“I’m not sure THC drinks are significant competition for alcohol because there’s still a lot of education needed in many countries. Many people still don’t know the difference between CBD and THC, particularly in Europe,” she said.
In addition to the educational challenge, Lichtmess believes Europe is a risky market in which to launch cannabinoid-infused beverages because there’s still some stigma around cannabis that will outlast current restrictions on ingestible products containing cannabinoids as well as restrictions on intoxicating cannabinoids.
“I see innovations that have happened in the US not working here,” she said. “I don’t think there’s no opportunity whatsoever, but in Europe regulation does not currently permit such innovations and there’s still some taboo around cannabis, which makes it quite a risky investment for the reputation of more established, traditional brands.”
She believes there will eventually be a market for cannabinoid drinks in countries such as Germany but it’s “a long way off”.
Although the German government and other decision-makers want to legalise recreational cannabis, there is still a strong conservative element in the German population, particularly in rural areas and Southern Germany. Recreational legalisation will also be a slow incremental process and there will be no chance of a commercial market in the country for some time yet. And German courts continue to pursue retailers over the sale of ingestible hemp products due to potential for intoxication.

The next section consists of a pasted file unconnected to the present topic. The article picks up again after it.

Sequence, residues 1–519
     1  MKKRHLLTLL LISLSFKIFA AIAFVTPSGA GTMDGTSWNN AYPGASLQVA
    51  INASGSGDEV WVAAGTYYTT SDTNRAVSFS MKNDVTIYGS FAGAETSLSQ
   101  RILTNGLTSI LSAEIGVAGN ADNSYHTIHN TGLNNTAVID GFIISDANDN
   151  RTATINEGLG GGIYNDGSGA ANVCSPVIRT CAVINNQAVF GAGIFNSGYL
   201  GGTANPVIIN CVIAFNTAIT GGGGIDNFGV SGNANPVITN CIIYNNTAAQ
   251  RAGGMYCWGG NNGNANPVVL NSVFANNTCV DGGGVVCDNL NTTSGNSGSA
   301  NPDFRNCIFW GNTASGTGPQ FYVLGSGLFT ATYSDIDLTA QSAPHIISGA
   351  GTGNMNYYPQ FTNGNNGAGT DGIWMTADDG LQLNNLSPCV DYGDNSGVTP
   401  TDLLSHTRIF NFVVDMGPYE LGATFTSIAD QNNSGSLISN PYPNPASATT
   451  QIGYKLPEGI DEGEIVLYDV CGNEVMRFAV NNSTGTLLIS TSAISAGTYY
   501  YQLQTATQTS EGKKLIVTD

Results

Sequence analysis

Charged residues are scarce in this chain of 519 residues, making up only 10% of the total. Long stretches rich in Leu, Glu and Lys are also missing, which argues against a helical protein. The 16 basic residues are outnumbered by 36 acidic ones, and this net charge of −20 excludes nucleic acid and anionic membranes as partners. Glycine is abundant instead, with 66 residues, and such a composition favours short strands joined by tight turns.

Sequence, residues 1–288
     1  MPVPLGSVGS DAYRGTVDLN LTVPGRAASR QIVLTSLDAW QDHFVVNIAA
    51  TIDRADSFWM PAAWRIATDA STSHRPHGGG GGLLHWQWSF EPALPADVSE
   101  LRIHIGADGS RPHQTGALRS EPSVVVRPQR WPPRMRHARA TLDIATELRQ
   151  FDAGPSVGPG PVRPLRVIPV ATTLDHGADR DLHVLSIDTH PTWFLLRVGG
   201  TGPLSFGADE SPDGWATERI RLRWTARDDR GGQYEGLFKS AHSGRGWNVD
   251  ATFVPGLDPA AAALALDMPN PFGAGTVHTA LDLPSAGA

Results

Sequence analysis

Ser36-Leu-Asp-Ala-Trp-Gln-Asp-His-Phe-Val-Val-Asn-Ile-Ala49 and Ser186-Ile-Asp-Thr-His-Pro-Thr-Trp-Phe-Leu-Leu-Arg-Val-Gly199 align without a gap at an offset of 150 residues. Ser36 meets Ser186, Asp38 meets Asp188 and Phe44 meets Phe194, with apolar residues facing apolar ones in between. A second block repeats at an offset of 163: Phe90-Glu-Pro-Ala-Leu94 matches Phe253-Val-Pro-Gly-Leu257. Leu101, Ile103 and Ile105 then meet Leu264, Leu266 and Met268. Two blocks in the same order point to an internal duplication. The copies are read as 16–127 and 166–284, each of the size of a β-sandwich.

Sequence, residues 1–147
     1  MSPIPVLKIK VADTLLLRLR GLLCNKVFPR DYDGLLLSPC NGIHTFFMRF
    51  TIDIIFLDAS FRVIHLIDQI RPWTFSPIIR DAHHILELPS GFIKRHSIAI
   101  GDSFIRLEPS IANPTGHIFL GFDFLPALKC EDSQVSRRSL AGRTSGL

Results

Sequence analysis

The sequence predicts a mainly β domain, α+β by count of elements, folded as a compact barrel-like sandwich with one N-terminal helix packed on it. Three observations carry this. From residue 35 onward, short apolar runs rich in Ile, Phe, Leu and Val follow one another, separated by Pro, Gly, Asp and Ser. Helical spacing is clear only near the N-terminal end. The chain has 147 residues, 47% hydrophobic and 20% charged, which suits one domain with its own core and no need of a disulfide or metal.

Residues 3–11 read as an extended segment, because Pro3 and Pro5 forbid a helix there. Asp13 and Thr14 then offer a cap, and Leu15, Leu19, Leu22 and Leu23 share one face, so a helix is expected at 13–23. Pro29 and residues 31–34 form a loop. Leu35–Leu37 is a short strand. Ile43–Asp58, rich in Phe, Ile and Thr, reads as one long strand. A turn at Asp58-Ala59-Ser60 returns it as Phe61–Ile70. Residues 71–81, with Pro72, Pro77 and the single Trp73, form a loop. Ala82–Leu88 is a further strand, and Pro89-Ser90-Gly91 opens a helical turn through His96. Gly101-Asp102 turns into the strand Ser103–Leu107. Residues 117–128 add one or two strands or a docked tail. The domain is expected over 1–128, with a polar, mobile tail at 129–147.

The stigma remains
“Overall, the German consumer tends to be cautious and slow and there is some fear that a liberal market will lead to other problems. There’s still a huge stigma around cannabis, even hemp. It seems bold of Germany to allow consumption, considering that it shares borders with nine other countries. And there’s a lot of uncertainty – even the health minister keeps changing his mind,” Lichtmess said.
She cites the example of Lidl withdrawing hemp products from its shelves because the company was “afraid of backlash”. “It shows that people weren’t ready for it,” she said.
Lichtmess believes the only possible near-term niche available for beverages in European markets such as Germany is the possibility of CBD-infused “sleep well drinks”, which she believes would be popular with younger and more health-conscious groups.
But all hinges on the regulation and she predicts that future German governments will be more conservative, while there is no indication when EU authorities will, if ever, resume novel food assessments for CBD in ingestible products.
“The current German government is struggling and not as popular as it was. Some of the decisions it has been making have been costly and we’re living in uncertain times right now. In times of uncertainty people turn to conservative governments. In the next election there’ll be a shift towards the middle,” Lichtmess predicted.
- Euromonitor will be speaking this month at Vitafoods Europe, in Geneva and online.
– CannIntelligence staff
Photo: Concord 90